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Azerbaijan's UN envoy urges Armenia to shed light on fates of nearly 4,000 missing persons

24 January 2023 16:12 (UTC+04:00)
Azerbaijan's UN envoy urges Armenia to shed light on fates of nearly 4,000 missing persons

In a letter addressed to UN Secretary-General António Guterres, Azerbaijan’s Permanent Representative to the UN Yashar Aliyev talked about the country’s efforts to determine the fate of several thousands of its citizens, who went missing during the Armenian aggression in the early 1990s, Azernews reports.

The letter disclosed that as a result of the Armenian aggression, 3,890 Azerbaijani citizens had gone missing, 719 of whom were civilians, including 71 children, 267 women, and 326 elderly. Besides, it was mentioned that 872 people (605 military personnel and 267 civilians, including 29 children, 98 women, and 112 elderly) were taken hostage. The letter pointed out that nothing is known about their fates, adding that there are dozens of facts about the killing of Azerbaijani prisoners of war in Armenian captivity.

"At the end of 2020, evidence of Armenia's gross and systematic violation of international law was found in Azerbaijan’s liberated territories. From February 2021 to November 2022, the remains of approximately 118 people were found in mass graves in those areas. The human remains demonstrate the deliberate killing of Azerbaijani civilians and other people under international humanitarian law. A mass grave unveiled in a mountain cave near Kalbajar District’s Bashlybel village proved that the Armenian armed forces had opened fire on villagers, who had taken refuge in the cave, killing at least 12 people, including two children and five elderly,” the letter underscored.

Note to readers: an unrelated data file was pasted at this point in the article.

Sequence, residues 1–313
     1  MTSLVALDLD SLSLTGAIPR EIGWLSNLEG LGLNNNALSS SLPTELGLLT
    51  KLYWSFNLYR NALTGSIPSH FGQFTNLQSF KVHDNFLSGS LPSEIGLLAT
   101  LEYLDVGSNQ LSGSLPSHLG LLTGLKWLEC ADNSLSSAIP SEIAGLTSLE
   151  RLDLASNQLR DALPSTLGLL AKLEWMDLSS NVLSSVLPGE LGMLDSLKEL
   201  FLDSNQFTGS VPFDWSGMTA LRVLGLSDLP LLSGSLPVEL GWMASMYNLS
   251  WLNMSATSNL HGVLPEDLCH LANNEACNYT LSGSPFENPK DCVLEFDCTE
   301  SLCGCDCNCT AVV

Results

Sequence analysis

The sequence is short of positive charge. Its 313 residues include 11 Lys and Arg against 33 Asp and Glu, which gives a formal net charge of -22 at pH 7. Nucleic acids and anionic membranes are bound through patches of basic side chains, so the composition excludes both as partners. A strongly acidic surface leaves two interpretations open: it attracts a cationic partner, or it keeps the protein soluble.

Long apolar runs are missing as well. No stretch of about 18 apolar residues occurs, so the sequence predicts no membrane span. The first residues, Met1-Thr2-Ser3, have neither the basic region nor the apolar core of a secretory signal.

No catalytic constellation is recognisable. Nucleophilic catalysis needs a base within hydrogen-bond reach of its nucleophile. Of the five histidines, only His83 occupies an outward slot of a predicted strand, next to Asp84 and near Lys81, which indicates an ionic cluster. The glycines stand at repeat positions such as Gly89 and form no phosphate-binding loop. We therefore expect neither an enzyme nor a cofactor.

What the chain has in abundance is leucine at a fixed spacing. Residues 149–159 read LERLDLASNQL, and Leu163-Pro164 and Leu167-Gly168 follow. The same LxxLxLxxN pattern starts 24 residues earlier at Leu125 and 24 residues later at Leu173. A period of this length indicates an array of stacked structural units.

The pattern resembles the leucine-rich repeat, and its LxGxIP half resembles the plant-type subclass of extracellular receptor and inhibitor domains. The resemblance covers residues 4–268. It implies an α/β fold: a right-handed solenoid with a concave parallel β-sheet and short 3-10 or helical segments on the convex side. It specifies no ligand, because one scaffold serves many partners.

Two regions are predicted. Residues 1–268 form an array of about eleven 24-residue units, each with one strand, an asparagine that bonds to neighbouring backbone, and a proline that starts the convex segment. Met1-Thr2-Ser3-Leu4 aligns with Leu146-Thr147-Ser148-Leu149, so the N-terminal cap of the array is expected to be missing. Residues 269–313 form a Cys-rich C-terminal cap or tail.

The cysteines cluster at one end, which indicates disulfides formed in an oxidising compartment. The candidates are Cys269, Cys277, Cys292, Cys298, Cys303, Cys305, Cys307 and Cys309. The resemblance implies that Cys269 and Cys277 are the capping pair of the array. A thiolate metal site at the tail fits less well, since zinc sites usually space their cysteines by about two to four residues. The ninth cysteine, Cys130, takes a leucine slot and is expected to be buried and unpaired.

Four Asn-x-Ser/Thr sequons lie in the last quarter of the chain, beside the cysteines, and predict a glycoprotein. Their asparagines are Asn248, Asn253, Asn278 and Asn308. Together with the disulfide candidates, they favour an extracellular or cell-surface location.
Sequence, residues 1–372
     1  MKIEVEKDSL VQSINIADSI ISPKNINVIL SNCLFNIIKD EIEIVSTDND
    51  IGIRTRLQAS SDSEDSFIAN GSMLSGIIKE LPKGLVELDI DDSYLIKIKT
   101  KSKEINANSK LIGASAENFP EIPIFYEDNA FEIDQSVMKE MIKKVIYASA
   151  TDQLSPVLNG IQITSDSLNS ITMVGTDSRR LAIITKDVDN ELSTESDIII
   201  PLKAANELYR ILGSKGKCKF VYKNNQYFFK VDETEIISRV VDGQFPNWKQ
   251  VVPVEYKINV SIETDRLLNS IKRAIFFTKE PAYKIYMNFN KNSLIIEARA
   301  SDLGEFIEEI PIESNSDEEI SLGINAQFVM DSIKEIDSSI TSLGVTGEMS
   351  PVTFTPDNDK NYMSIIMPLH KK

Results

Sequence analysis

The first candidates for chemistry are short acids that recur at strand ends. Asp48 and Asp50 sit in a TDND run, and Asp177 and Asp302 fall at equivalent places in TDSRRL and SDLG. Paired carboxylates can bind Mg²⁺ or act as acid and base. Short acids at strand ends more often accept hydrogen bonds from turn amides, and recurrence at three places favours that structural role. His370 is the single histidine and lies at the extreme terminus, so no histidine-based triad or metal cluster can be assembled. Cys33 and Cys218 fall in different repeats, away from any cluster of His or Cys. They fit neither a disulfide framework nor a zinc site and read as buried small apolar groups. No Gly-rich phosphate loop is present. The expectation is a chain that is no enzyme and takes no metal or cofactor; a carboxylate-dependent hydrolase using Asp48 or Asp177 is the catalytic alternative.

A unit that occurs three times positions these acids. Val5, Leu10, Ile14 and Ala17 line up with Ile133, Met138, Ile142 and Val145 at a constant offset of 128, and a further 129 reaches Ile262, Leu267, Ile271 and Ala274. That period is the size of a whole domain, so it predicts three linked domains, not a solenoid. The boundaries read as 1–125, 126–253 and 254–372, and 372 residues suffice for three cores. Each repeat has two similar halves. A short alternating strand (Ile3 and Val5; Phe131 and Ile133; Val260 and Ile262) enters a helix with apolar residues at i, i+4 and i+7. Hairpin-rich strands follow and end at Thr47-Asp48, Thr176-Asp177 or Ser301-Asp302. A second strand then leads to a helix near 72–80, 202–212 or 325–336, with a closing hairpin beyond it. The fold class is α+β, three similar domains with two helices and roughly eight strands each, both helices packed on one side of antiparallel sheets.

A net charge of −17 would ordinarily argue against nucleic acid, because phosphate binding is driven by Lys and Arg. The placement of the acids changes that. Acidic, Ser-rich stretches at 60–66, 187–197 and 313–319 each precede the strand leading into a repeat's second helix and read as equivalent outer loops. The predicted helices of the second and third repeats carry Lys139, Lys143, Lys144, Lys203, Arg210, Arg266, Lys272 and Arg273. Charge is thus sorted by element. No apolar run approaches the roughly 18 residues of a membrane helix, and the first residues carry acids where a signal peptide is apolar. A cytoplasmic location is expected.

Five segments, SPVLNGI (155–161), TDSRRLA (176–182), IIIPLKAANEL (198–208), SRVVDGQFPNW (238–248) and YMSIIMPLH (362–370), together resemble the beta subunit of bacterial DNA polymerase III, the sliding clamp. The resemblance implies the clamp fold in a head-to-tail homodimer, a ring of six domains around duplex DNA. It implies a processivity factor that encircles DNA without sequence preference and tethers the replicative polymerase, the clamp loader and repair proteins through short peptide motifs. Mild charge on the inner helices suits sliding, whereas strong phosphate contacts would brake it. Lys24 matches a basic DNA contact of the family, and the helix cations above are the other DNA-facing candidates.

The letter underlined that another piece of evidence of this violence is the mass grave discovered in Khojavand's Edilli, where the remains of dozens of Azerbaijanis were found with their hands and feet tied. It was noted that more human remains of women and children were discovered in a mass grave in Khojaly District’s Farrukh settlement and other liberated lands.

Aliyev highlighted that Armenia has refused to provide any information about the persons, who went missing during the nearly 30-year-long occupation. He informed the public that only in 2022 Armenia handed over 67 sacks with the mixed remains of 106 people to Azerbaijan.

“The fact that Armenia has kept these remains for thirty years, contrary to all moral principles, violating international humanitarian law and openly ignoring the right of people to know the fate of their loved ones, causes deep indignation,” the official said.

Further, the diplomat stressed that up until now, Armenia evades providing information on mass graves in Azerbaijan’s liberated territories, noting that the country’s search operations are also hindered by a serious mine threat due to Armenia's refusal to provide complete and accurate maps of hundreds of thousands of mines planted in the territory during the occupation.

Aliyev also recalled that the General Assembly and the Security Council adopted a series of resolutions on missing persons, reiterating the obligations of states to prevent violence and account for the fate of missing persons under international humanitarian law.

"These obligations should be urgent measures in protecting the rights of victims and their families," he noted.

In conclusion, the diplomat strongly emphasized the importance for the international community to insist that Armenia fulfills its obligations on this issue.

Over 4,000 Azerbaijanis went missing as a result of the first Karabakh war. It is believed that the vast majority of them were systematically killed and buried in mass graves.

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